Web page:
Thursday, 26 November 2015


I drag Husband to see Spectre. He has a day off so we go in the afternoon hoping he might stay awake. He doesn't, and I don't blame him. I love Bond movies, especially Sean Connery ones, even some of the Daniel Craig ones. Casino Royale for example, love that scene where he's going into cardiac arrest and has to use the defibrillator in the car. Genius. And all that Vesper stuff, so romantic, and I'm big on romantic. And if you haven't seen On Her Majesty's Secret Service, with George Lazenby, you must, it's the best. Basically I fancy Bond, which I know no self-respecting feminist should admit to because he's an unreconstructed misogynist bullying assassin, but hey, he's also entirely made up. Husband's happy to go with me to see it because he usually benefits from the afterglow. 

Unfortunately there's no afterglow because Spectre is crap. It's dark, both literally and metaphorically, shot in a gloomy black, white and grey palette. I don't think Bond smiles once, let alone cracks a joke, and I like jokes. It takes itself way too seriously. Nicely acted and constructed and all that but not fun, and Bond should be fun. Not sexy either. Gone off Daniel Craig. Maybe because of those dismissive things he said about the franchise when he was meant to be publicising it. He's obviously grown to hate playing Bond and it shows. Andrew Scott, on the other hand, who plays 'C', now he can come round and do a bit of surveillance on me anytime. Although I'm sure he wouldn't want to, not least because he's gay.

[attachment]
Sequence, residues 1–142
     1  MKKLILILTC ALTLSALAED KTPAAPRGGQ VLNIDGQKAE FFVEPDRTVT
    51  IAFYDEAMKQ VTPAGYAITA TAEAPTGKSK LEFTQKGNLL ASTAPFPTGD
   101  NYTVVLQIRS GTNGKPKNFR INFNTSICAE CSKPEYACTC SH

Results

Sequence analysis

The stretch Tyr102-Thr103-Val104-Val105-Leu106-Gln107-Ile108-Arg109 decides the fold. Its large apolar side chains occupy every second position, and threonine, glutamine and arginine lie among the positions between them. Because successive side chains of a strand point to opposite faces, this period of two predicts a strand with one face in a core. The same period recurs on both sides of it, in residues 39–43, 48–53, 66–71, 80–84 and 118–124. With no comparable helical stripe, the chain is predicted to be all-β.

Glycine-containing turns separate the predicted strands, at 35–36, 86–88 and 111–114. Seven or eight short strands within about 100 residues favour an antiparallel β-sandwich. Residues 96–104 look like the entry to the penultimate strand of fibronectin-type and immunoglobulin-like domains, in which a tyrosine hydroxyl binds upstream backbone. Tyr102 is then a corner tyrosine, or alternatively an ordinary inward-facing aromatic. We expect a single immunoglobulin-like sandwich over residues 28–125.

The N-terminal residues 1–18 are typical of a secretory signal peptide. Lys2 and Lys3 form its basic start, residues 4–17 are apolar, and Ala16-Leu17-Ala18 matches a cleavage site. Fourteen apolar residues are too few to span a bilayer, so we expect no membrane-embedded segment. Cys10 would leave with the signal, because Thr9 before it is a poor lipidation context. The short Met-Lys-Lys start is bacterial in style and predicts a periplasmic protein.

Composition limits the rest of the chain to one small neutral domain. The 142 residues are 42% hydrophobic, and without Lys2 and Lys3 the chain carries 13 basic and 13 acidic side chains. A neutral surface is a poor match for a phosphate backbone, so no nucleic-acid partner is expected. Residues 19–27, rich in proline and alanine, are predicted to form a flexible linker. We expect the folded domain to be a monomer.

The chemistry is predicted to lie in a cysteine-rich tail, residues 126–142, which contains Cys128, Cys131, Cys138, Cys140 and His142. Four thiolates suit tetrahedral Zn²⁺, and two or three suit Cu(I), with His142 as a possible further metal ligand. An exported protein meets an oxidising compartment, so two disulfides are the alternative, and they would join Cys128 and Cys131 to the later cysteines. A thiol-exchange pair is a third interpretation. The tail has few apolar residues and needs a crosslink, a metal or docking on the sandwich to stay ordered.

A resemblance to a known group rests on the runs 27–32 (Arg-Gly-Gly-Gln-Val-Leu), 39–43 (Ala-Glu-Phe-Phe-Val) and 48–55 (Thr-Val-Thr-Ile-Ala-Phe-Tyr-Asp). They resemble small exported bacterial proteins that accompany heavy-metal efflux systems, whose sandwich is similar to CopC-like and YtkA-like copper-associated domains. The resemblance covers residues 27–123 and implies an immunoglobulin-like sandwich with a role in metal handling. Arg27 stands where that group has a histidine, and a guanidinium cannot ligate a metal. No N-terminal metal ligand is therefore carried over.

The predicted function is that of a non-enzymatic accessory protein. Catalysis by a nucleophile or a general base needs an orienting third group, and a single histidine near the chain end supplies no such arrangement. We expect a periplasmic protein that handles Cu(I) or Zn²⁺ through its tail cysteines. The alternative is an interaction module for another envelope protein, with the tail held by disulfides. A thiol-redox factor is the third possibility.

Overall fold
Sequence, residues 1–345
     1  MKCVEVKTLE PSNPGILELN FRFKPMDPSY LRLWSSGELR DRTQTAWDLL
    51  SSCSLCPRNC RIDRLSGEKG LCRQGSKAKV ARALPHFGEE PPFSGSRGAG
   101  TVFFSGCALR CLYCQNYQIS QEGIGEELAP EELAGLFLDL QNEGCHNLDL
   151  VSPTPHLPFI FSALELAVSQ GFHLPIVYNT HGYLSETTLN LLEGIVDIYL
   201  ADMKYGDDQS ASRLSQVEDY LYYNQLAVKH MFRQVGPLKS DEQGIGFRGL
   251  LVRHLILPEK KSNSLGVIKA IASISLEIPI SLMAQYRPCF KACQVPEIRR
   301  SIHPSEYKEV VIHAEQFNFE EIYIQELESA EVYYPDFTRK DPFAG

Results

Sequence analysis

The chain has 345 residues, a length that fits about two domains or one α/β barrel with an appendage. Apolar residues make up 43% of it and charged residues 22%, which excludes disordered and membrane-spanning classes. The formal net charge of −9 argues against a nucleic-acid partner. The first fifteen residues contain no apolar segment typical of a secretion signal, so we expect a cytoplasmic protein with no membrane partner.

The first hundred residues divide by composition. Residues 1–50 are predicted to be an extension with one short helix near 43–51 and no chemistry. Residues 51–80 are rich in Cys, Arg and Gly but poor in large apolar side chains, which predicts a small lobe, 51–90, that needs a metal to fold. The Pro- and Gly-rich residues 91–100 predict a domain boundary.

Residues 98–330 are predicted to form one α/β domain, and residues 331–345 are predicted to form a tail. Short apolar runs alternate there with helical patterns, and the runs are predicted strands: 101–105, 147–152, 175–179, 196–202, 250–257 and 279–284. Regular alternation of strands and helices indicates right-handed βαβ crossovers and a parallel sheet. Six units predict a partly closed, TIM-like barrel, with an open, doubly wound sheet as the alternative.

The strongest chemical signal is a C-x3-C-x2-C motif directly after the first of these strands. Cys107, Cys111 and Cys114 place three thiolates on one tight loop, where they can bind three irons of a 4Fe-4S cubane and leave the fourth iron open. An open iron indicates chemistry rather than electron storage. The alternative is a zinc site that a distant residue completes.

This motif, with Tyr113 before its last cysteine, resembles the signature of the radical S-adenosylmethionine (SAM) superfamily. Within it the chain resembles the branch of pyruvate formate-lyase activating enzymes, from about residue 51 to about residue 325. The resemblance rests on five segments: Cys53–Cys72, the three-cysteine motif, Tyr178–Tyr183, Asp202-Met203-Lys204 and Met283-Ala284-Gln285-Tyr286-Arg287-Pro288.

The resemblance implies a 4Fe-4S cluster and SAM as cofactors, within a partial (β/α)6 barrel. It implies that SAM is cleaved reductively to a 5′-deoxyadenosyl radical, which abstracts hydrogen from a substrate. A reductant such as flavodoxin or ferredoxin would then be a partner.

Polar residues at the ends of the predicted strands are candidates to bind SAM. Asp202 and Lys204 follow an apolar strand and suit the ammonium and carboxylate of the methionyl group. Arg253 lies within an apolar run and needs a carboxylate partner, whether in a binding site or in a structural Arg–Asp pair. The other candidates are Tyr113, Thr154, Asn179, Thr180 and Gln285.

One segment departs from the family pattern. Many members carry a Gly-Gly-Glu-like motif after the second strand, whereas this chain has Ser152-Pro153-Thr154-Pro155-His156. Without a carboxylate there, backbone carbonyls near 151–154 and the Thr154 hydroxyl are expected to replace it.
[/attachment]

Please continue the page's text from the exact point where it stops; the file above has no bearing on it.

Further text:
"What did you think?" asks Middle One when we get home.

"Didn't like it," I say, "but that could be because I could tell Daddy didn't like it."

"I thought it was good," says Middle One, who has already seen it. "But I was in a really good mood when I went with my mates, so maybe that helped."

Good point. The mood you are in and who you're with has a huge effect. I always regret seeing Mama Mia! the first time on my own on a drizzly afternoon in Clapham, sitting next to a dodgy geezer in a mac. But I had no one to go with and I was desperate.

Next morning at breakfast as I'm stirring the porridge Middle One has another question: "Do you think we should stay in the EU?" he asks.